Following on from my previous post, the Salomon Switch event was a huge success and fun was had by all.
To recount quickly my stroke of fortune, my friend Matt severely hurt his leg. Now I’m not going to say this made me happy because that would make me a bad friend, but he happens to have the same size feet as me and had won a place as one of the 70 people allowed to go to the Salomon Switch event which I had missed out on. Read into that what you will.
After work, I made my way down to Wandsworth Road Station, which is an odd place to meet, but I guess that was the point. They did say a random place in London. I got the Northern line to Clapham North and had a short walk up to the meeting point, with views of Battersea power station looming on the horizon.
Not being sure of what to expect, I arrived at the meeting point at which there were about 20 people and a large Salomon banner, so had obviously found the right place.
I arrived a little earlier than most
Approaching the group, I immediately recognised Tord Nilson, who I had cyber stalked, following him being kind enough to allow me to take Matt’s place. I can’t help cyber stalking people. I like to put a face to a name. Anyway, Tord remembered and was very welcoming, getting me my Switch wristband and having me logged on the ipad list.
Tord Nilson of Salomon
Everyone at the meet was extremely friendly, probably buoyed up by the fact that they were the chosen few from the thousands of people who had entered and also the promise of a brand spanking new pair of (free) Salomon X-Screams.
The most amusing thing I noticed was how it was a meet up of around 70 ultra enthusiastic runners, all wearing rubbish trainers. Of course, the idea was to switch your trainers to give to charity in return for a pair of Salomons. Mine were a pair of Nike Air Max 180s which I bought about 10 years ago on an impulse and hurt my feet so much I haven’t worn since or for some reason thrown away. They were destined to go to a trainerless person in some far off land. I hope the person has feet that aren’t shaped like mine.
I met a Swiss fella called Nicholas, who I was jealously admiring his new Ambit 3 (which almost everyone I looked at seemed to own). We got along well and he was training for some interesting races in the Alps. I was also a bit surprised as he was wearing On Cloudracers which are clearly too good to give away! (Or maybe I’m just tight). It turned out he had a new pair and wanted to get rid of these anyway.
Matt Ward of Salomon (left, grey shirt) and Richard Felton (right, grey shirt) of Profeet
I had a good chat with Matt when we made it to the bar at the end of the night and he was a thoroughly nice fella; he explained that much like me, he doesn’t ever really race but just runs for the fun of it which was nice to hear. On the Salomon website, he describes himself as a soul runner, which I think is a great term to encapsulate this choice. Richard was also a load of fun and had a great sense of humour.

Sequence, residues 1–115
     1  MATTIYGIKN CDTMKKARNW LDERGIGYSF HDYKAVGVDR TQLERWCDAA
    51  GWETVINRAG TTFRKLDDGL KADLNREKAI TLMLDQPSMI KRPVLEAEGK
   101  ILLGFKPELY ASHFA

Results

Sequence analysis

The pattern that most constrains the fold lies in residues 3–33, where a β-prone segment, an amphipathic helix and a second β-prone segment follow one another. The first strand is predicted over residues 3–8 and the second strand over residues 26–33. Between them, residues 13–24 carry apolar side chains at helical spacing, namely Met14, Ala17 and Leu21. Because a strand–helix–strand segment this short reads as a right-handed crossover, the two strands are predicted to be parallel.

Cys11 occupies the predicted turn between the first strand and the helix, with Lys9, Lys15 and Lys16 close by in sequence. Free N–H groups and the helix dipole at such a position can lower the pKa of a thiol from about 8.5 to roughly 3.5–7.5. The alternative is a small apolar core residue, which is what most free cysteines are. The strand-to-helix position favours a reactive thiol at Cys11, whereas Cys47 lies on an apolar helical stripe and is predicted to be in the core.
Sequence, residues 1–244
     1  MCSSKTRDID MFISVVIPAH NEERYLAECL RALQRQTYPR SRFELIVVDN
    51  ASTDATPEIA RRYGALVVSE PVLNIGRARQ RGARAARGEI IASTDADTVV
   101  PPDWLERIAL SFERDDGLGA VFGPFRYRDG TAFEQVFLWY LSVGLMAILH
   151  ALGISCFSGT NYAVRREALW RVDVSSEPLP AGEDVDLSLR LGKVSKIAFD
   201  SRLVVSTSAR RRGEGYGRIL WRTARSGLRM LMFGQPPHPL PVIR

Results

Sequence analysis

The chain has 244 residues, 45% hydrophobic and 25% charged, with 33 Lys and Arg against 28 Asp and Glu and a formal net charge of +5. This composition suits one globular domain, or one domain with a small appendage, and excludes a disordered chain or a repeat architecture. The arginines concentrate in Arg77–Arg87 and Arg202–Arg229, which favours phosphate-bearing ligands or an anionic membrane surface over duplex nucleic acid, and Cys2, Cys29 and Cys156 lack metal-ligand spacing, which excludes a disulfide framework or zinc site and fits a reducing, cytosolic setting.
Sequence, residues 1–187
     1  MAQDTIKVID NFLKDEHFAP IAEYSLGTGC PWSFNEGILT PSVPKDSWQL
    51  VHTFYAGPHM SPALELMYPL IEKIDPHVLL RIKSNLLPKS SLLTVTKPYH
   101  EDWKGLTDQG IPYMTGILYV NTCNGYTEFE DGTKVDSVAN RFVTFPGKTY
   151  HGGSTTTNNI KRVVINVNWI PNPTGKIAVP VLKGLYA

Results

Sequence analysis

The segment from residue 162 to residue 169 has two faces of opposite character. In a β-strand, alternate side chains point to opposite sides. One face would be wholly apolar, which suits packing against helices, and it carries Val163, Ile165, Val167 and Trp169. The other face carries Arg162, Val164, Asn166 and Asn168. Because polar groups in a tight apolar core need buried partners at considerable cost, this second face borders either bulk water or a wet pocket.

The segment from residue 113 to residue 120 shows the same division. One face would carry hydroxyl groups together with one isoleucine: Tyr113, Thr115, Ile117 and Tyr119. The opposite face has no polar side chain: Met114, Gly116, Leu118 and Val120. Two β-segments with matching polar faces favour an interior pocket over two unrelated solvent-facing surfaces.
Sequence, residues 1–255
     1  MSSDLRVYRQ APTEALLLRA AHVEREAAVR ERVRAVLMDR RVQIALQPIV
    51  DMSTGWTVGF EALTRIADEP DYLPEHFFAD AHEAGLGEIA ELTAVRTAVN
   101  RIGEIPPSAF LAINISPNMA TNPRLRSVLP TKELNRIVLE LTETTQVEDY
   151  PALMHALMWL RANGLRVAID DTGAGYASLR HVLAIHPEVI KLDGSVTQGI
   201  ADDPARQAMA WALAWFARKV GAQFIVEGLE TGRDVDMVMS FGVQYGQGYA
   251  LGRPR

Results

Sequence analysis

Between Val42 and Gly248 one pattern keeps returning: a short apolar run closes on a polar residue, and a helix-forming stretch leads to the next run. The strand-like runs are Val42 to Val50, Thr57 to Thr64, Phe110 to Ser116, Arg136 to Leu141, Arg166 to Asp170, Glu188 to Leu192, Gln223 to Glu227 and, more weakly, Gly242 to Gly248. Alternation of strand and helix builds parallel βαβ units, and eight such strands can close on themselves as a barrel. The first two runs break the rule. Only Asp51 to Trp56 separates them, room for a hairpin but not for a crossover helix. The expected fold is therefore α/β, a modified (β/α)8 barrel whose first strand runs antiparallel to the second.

Matt Ward, of Salomon
Following the surprisingly non-salesy talk by Matt and Richard, which focussed on have a fun run and not racing, trying out the new footwear and just enjoying the evening and each other generally, we set off in two groups with the first set wearing the black Switch reflective strips and the second set in red. I was in the first group led by Richard.
We followed a very comfortable pace throughout of roughly 5:30 min/kph and headed off down the road and through a park. Everyone was chatty and friendly on the run, probably buoyed up by the arrogance of feeling exclusive (70 people out of some 5,000 who entered in the first few minutes) and a new pair of shoes.
At 2.4km in, we reached a bridge which had the Salomon trailer with our brand spanking new X-Screams waiting for us. There were branded deck chairs with a complimentary water bottle waiting for us and the combination of the warm orange glow street lights gave off an oddly tropical beach vibe. Mixed with the under-railway bridge grimy backstreet setting gave an amusing counterpoint.
We were prompted to drop our old trainers in a bin for the European Recycling Company, a charity set up to ensure clothing and shoes are reused. I’d hardly worn my Nike Airmax 180s because of blisters and they were 10 years old, so they went in the bin.
Finally, the moment of reckoning had come. My old trainers that Sammy had been hassling me to get rid of were gone, and I had my new, beautiful Salomons in my hands, in all of their garish, neon, half-trail/half-road glory. Luminous yellow for boys, pink for girls (down with the neon patriarchy!).
I was impressed with the fit. I’d never owned a pair of Salomon before, but they were extremely comfortable and considerably lighter than they looked. My review will follow up, however at this point, they felt good. I was surprised to like the lacing system as much as I did; you just pull on the plastic lock and tuck it under the tongue. Quick and easy.
As the red group were approaching the bridge, we set off again. Everyone was very pleased with the new X Screams by all accounts, although we did look amusing running down the road in a group of about 35, all with matching neon yellow or pink trainers.
I spent part of the way running with a girl who worked for the Running Bug website who was very nice and most likely a much faster runner than I. Her boyfriend was running in the group behind too, so they really lucked out with winning places, although I suspect she may have got a spot because of her job.
An obscene amount of neon footwear